(CNN) - Hillary Clinton scored a big victory in Pennsylvania on Tuesday to keep her hopes for the Democratic nomination alive. The question is whether the win came soon enough.
Barack Obama's loss in another big state and the margins by which he lost among blue-collar and rural voters on Tuesday, on the other hand, may raise questions about his electability.
Some polls had shown Clinton with a double-digit lead in Pennsylvania. But in the weeks between the last primaries in Ohio and Texas, Obama had whittled down Clinton's advantage.
(CNN) - candidates saying they'll bring more openness and responsibility to the federal government.
But ask former Democratic Texas congressman Charlie Wilson about transparency, and he chuckles.
"You can't do everything transparently," Wilson told CNN in a phone interview, and he should know: his determination to fund Afghan rebels against the Soviet invasion was made into the book and movie "Charlie Wilson's War." (The DVD of the film, which starred Tom Hanks as Wilson, comes out Tuesday.) Wilson's effort was covert: He set about increasing funding for CIA operations in Afghanistan, helped convince disparate groups such as the Israelis and Saudis to cooperate, and did it all with almost no coverage in the press.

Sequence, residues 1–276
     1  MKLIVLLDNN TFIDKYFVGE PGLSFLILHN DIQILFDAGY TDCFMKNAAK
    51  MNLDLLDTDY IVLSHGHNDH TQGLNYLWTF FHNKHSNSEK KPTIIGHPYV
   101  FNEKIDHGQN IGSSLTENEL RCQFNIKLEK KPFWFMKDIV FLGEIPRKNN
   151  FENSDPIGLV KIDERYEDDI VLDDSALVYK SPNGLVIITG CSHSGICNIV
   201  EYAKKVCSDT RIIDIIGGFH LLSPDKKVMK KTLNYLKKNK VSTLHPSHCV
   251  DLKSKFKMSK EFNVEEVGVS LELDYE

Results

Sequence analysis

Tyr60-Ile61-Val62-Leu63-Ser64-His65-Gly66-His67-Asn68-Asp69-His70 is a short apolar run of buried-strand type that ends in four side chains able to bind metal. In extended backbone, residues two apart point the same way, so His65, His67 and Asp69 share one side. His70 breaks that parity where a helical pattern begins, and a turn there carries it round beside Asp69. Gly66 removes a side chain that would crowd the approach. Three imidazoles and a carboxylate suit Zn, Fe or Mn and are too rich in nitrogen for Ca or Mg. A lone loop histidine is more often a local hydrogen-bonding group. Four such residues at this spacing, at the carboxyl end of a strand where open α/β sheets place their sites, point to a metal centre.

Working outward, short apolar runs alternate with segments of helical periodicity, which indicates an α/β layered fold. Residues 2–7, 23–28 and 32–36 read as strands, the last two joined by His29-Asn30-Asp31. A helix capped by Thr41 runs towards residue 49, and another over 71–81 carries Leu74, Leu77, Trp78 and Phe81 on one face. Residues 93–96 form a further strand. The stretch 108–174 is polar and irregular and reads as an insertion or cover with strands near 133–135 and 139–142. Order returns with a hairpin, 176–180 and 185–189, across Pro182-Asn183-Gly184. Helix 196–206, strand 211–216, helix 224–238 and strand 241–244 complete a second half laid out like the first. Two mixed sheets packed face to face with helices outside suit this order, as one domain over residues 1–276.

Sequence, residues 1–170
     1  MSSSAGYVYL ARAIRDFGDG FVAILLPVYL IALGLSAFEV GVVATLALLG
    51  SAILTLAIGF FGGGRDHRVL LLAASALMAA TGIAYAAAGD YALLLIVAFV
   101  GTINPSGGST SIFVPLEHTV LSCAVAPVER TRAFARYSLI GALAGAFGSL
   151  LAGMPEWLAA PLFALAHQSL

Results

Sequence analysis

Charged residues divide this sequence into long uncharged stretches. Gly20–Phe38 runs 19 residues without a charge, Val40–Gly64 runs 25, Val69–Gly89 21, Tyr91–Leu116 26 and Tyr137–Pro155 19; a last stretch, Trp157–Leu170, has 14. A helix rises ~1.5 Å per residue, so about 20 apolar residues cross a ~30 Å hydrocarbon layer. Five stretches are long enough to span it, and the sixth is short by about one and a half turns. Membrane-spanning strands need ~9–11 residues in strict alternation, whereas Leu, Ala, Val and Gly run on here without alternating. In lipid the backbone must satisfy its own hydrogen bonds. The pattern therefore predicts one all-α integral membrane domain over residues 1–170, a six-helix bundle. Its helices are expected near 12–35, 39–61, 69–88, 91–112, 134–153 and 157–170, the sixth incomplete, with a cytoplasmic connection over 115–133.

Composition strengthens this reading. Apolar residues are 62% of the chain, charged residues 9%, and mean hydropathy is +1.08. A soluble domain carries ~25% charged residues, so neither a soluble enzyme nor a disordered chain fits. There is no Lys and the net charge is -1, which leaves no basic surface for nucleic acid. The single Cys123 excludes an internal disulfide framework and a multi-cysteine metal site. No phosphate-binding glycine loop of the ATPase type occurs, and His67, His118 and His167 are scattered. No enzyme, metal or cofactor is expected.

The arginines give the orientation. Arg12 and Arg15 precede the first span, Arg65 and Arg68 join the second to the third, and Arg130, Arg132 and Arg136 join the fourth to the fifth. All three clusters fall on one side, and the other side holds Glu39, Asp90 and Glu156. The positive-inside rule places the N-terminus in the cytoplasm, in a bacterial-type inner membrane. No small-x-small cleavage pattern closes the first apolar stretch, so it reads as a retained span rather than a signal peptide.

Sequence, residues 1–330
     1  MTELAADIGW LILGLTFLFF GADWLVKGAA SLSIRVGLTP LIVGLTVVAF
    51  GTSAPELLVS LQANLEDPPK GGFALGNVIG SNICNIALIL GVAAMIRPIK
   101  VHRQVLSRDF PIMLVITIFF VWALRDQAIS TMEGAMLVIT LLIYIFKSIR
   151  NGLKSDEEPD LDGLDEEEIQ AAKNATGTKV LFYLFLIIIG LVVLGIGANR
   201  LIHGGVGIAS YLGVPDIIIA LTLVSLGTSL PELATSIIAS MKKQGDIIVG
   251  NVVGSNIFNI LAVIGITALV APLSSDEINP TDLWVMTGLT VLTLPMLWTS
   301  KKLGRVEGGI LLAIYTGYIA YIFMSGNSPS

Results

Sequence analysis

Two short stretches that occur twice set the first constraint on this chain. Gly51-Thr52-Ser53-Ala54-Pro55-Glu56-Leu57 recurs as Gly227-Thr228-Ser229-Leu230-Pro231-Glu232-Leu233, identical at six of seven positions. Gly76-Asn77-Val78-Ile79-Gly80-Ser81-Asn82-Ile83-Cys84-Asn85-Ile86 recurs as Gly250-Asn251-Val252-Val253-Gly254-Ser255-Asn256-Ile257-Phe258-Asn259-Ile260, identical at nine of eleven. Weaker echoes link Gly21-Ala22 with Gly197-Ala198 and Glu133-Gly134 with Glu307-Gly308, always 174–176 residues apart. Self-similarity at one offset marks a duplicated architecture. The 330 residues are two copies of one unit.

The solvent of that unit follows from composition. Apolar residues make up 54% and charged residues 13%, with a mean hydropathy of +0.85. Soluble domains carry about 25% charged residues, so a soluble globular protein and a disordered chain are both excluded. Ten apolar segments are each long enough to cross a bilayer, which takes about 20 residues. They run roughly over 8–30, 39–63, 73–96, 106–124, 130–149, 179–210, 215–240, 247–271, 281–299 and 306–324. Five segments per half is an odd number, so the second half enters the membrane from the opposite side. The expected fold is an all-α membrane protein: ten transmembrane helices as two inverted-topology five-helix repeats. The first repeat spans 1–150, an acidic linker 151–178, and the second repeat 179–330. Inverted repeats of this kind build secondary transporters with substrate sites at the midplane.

"This was opaque and it had to be opaque, and had it not been, it wouldn't have succeeded," he continues. "But to be opaque, it had to have bipartisan support. It had to have enthusiastic bipartisan support - but bipartisan support that didn't go to the press, and try to take credit."
A few months ago, the only people who talked about the possibility of a contested Democratic nomination fight extending all the way to the party's convention in August were hopeful pundits, desperate Republicans, and Chicken Little Democrats.
Most of the rational world looked at the political landscape and foresaw a smooth ride to victory for Democrats. They had, after all, the wind at their backs from the 2006 midterm elections, and a Republican President with record-high disapproval ratings thanks to an unpopular war and a tanking economy. The dueling landmark candidacies of Hillary Clinton and Barack Obama seemed an embarrassment of riches, fueling record-breaking fundraising and bringing a flood of new voters to the party.
PHILADELPHIA, Pennsylvania (CNN) - Sen. Hillary Clinton claimed victory in Pennsylvania on Tuesday, beating out Sen. Barack Obama after a bruising six-week campaign.
"It's a long road to 1600 Pennsylvania Avenue, and it runs right through the heart of Pennsylvania," she told supporters in Philadelphia.
"I'm in this race to fight for you ... You know you can count on me to stand up strong for you every single day in the White House."